Built in 1742, Jerdone Castle is as old as Louisa County itself. Since then, it’s moved through time and is not only a piece of local history but also has been recognized as a site of national importance many times over.
Most recently, the Virginia Department of Historic Resources approved the site’s second highway marker, making it Louisa’s 25th.
This marker will remember President George Washington’s stay at Jerdone Castle during his 1791 campaign through Southern states including Virginia, the Carolinas and Georgia. Through this tour, he aimed to “gauge public opinion, better understand regional differences, and bolster support for the federal government,” according to the highway marker’s text.
John Beardsworth Jr. and his wife Judy bought Jerdone Castle in 1998, after the house had not been lived in for more than 30 years. They say the house was in poor condition, with significant termite damage and overgrown weeds, and was in need of structural repair.
“Anything of value had been taken out of it,” Judy Beardsworth said. “It was really in shambles.”
Despite the state of the house, the Beardsworths were committed to restoring the house to what it once was, keeping as much of the original structure as possible and displaying its architectural anatomy with cut out displays throughout the house.
“The goal was to restore it as close as we could to how it would have been back then,” John Beardsworth said.
Beardsworth enjoys learning about history, and when he discovered the house’s story, he felt compelled to make his findings accessible with highway markers.
“I’m one of those people who pulls over when they see highway markers,” he said.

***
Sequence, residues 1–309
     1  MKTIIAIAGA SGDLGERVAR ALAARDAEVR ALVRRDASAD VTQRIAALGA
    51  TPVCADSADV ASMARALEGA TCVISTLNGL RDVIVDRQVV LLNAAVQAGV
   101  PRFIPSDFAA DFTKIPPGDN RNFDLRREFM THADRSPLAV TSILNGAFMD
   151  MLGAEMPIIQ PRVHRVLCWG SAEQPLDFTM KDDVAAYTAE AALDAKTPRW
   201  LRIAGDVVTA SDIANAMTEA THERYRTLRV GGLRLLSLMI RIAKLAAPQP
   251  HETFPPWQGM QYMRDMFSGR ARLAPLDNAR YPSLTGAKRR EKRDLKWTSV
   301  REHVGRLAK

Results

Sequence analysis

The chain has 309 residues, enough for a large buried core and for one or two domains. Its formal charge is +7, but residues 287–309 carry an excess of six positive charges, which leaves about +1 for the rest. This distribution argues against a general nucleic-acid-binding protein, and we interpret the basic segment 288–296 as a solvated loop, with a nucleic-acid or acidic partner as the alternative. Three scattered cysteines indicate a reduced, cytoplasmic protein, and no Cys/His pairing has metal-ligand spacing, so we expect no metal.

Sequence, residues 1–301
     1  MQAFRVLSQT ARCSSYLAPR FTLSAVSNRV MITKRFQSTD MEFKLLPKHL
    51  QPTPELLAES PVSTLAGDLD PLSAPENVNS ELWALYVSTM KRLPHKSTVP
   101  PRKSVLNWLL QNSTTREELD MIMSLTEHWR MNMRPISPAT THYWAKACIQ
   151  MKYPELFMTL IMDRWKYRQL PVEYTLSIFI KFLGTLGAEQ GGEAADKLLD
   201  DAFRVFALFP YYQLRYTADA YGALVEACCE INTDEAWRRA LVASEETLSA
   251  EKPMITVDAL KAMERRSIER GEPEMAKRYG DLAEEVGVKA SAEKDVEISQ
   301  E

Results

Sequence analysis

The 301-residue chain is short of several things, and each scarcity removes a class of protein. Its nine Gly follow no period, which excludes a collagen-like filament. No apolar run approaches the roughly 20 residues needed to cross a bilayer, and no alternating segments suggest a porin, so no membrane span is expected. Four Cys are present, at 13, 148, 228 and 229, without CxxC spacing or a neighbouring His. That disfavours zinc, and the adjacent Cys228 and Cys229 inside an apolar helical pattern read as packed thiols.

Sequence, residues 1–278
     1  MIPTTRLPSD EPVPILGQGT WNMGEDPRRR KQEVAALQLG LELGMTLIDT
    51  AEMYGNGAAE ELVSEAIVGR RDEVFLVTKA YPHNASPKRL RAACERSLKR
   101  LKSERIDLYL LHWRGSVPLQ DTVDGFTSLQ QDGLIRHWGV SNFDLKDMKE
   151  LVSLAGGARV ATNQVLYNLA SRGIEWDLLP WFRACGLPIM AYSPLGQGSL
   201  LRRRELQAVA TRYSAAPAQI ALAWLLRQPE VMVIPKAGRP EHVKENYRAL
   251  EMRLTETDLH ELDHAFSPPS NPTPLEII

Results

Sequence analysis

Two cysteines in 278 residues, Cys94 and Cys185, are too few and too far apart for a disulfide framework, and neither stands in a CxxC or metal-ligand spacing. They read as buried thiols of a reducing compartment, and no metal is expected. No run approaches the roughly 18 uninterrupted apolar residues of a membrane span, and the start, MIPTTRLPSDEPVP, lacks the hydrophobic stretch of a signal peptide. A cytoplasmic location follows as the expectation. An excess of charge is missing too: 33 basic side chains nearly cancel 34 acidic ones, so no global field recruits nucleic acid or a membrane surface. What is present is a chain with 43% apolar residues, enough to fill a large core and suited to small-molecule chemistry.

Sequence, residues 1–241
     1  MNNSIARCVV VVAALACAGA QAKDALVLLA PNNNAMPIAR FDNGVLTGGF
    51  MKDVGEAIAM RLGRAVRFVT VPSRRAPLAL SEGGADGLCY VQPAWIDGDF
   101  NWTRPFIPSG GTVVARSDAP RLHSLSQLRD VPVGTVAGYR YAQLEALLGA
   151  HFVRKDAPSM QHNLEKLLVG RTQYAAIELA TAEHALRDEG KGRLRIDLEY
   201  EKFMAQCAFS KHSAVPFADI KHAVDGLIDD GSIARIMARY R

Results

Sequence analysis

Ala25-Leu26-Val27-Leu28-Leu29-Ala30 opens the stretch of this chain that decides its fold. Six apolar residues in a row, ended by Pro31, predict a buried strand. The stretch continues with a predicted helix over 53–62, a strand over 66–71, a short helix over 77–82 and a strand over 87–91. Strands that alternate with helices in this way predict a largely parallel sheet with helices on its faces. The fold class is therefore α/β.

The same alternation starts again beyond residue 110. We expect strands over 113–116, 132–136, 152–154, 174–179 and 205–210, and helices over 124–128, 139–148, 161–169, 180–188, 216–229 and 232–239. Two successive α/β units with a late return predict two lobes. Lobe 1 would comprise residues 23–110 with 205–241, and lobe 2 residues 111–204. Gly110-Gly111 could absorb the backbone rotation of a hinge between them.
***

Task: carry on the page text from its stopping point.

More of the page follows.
Highway markers are not chosen by the state government but rather are proposed by individuals and organizations. The Beardsworths sponsored the site’s first highway marker in 2010, recalling the site’s connection to writer Ellen Glasgow, who mentioned spending her childhood summers there in her book, “The Woman Within.” This marker also informs passersby that the Jerdone Castle property originally extended to 1,100 acres of land, most of which is submerged under Lake Anna.
But John Beardsworth felt there was more history to tell.
“You can only put so much [information] on a sign like this,” he said.
The process to get a highway marker site approved can take months, depending on how much documentation is provided with the proposal. Before Beardsworth’s proposal could be approved, he had to provide documents to verify the historical event and work with an historian to vet the site and finalize the marker’s text.
A highway marker for Washington’s 1791 tour has been on Beardsworth’s mind since 2011. He submitted the proposal with documents needed for verification in October 2019, aiming to get it approved in March 2020 and set up on June 9, the date of Washington’s stay. However, the Covid-19 pandemic has put things on hold until further notice.
Randall Jones, DHR public information officer, said Virginia has the oldest highway marker program in the country, dating to 1927. Its original function was to promote tourism to stimulate the local economy. While that’s still a function, the markers also educate those who stop to read them.
“The markers are important educational, informative [tools] to increase public awareness about what’s going on or what has happened in a community,” Jones said.
He also said that markers serve a different purpose than monuments and statues, which are honorific in nature.
“They [markers] are educational—they’re not monuments,” Jones said.
The original Jerdone Castle highway marker can be viewed at 1779 Moody Town Road.